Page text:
What is Agile? And why is it still so popular?

What is Agile? And why is it still so popular?

There are two aspects to Agile. The first is that everything we know to be Agile now, basically originated in the 1990s. That decade was a hotbed of Agile invention: from Extreme Programming to Scrum, from feature-driven development to the processes innovated by Tom Gilb and also Alistair Cockburn’s Crystal,

These Agile methodologies were essentially an answer to a natural challenge in the world of software engineering and software product development. Faced with inherent complexity and a raft of unknowns – the unknown of the unknown – developers sought solutions that worked.

This quest led to the realisation that shorter development cycles, more frequent inspections and adaptations, more collaboration with the customer, and an unwavering focus on good engineering practices and technical excellence were the key to successful software development.

Born out of necessity

In essence, Agile was born out of necessity. What’s interesting is that even though Agile has its roots deeply embedded in software engineering, ‘The Agile Manifesto’ of 2001 reveals an underlying principle that transcends software engineering alone.

But let’s go back to February 2001. The developers who had pioneered these processes got together and recognised that – despite their varied working methods – they shared a successful track record that outpaced the industry average. The question then was, what did they have in common?

The Agile Manifesto

Fast forward to a snowboarding ski resort in Utah where these pioneers gathered. Over one transformative weekend, they created The Agile Manifesto.

While the manifesto was steeped in software and the website to this day mentions software, I’d argue that we can now substitute ‘software’ with ‘product’. Why? Because Agile has expanded beyond software engineering. At its core it is about individuals and interactions over processes and tools. It’s about how people work together, how they help each other – the human elements are more important than processes and tools.

A working product over documentation

Agile isn’t about comprehensive documentation; it’s about working products. You can document anything, but the real challenge is making it work; implementing it successfully. A working product becomes the only real, honest measure of progress.

Then, of course, there is customer collaboration over contract negotiation. The Agile mindset urges us to embrace change rather than minimise variation.

When a client realises they want something different, we should celebrate the fact that they have learnt something new that has changed their mind. We should sit together, collaborate, and figure out what makes the most sense. This approach leads to responding to change over following a plan, which is the fourth value of The Agile Manifesto.

So pretty much everything we call Agile these days was born in the 1990s. Globalisation also happened in the 1990s. Suddenly, you could get a product cheaper from a different country and as more and more items became standard commodities, people realised that how we work has become more important than simply doing the work.

A mindset, not just a methodology

The second aspect of Agile that resonates with me is the mindset. And that’s what many organisations struggle with, embracing the mindset. Truly embracing Agile means viewing Agile as a verb rather than a noun, embodying the principle of being Agile. This means you think differently and you behave differently.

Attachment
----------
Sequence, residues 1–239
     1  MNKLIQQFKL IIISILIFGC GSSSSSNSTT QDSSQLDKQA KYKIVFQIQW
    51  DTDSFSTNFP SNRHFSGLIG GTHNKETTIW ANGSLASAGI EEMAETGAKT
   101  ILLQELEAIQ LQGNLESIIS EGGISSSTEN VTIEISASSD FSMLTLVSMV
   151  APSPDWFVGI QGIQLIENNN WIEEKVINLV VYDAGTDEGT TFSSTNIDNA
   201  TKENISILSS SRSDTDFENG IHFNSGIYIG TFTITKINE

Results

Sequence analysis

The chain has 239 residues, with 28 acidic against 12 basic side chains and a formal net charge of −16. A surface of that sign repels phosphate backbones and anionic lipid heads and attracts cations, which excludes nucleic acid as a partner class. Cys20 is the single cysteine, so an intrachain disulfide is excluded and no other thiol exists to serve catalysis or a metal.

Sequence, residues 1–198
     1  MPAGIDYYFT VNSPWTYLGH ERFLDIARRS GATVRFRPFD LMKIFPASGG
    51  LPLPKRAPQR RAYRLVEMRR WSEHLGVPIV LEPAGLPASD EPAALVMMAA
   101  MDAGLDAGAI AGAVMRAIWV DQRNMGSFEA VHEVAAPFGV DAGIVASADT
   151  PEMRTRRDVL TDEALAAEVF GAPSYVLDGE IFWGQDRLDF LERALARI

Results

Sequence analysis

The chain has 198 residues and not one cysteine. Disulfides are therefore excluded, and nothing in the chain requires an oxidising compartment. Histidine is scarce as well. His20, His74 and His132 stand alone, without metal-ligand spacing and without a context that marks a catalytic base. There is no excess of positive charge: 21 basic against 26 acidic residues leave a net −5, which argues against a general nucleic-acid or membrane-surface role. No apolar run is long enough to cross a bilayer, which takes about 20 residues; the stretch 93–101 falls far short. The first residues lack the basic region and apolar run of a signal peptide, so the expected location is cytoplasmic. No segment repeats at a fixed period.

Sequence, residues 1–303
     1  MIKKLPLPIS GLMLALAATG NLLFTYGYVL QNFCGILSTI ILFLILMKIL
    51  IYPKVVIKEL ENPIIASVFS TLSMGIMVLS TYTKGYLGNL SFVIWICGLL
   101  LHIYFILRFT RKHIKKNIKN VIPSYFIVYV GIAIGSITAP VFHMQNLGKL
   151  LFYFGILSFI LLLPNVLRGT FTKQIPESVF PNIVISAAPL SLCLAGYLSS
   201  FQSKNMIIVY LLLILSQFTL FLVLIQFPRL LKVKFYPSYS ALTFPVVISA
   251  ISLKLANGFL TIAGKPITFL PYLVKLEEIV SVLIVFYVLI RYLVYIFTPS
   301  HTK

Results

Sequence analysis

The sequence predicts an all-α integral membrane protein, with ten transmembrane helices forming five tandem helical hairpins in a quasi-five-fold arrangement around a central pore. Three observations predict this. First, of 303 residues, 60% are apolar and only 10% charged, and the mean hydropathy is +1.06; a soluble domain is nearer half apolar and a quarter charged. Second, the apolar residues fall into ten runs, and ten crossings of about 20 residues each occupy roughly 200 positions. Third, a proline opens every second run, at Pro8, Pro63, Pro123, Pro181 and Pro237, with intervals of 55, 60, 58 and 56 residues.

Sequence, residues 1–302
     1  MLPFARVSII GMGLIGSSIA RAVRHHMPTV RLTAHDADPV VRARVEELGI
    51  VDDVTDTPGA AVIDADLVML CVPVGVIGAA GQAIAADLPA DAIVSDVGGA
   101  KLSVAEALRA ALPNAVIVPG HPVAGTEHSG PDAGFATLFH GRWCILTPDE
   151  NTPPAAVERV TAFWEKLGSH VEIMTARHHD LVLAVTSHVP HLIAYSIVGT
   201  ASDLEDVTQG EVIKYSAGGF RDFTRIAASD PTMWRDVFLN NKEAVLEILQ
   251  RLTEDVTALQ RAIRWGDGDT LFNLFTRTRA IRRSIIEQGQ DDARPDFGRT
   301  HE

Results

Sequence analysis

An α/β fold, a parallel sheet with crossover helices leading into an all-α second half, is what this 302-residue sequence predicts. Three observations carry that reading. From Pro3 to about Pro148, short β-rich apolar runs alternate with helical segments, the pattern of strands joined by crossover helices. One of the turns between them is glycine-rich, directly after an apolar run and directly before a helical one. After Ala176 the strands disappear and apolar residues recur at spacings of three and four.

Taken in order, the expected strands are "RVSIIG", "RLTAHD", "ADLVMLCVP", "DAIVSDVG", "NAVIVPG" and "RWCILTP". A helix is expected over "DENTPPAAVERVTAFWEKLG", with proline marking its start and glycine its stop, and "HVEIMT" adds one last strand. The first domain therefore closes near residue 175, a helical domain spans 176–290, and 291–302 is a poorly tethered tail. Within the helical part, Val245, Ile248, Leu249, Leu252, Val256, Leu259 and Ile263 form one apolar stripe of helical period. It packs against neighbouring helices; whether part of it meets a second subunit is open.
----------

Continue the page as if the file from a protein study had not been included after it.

In every training, I witness many people wrestling with an inner resistance on the first day. It’s as if their minds are unwilling to fully open up to the Agile way of thinking. But then, at some point, it just clicks. They open up and see their work through a different lens. The challenge then becomes how to make this mindset stick, to make it part of their behaviour. This, for me, is the Agile mindset: when you don’t have to think about it anymore, you do things automatically.

If we elevate this mindset to an organisational level, it becomes the organisational culture. Therefore, to make your organisation more Agile, you must transform the underlying culture, which is an enormous challenge.

So, why has Agile become so popular?

Sure, it’s been around for roughly 30 years, but Agile has matured. Here and there, things have changed, but the overall core values of Agile as expressed in the Agile Manifesto has remained basically unchanged. In those 30 years, so many other methodologies have appeared and then disappeared. But not Agile. That’s because Agile is more than just a process guide or a handbook. Again, it is a mindset that guides you in certain situations. Instead of telling you how to do something or how to behave in certain situations, Agile cultivates a mental attitude.

The Agile mindset does more than simply adjust how you approach projects; it reshapes how you view decisions and obstacles. It’s challenging, but for organisations who truly embrace it, it can result in a level of adaptability, efficiency and customer satisfaction that traditional approaches can only dream of.

About Effective Agile

Ralph Jocham is a Change Agent in Scrum // Agile // Coaching // Evidence Based Management and also a Professional Scrum Trainer based in Europe.

As one of the first Professional Scrum Trainers in the world, Ralph has worked directly with cocreator of #scrum, Ken Schwaber, and has played an integral part in the course development of the #PSPO (Professional Scrum Product Owner) as well as the delivery of all #scrum.org certified courses.

If you’re looking to invest in training that transforms and empowers teams to successfully adopt #scrum or #agile, and create high-performance #productdevelopment environments leveraging the agile values and principles, visit https://effectiveagile.com/agile-scrum-trainings/

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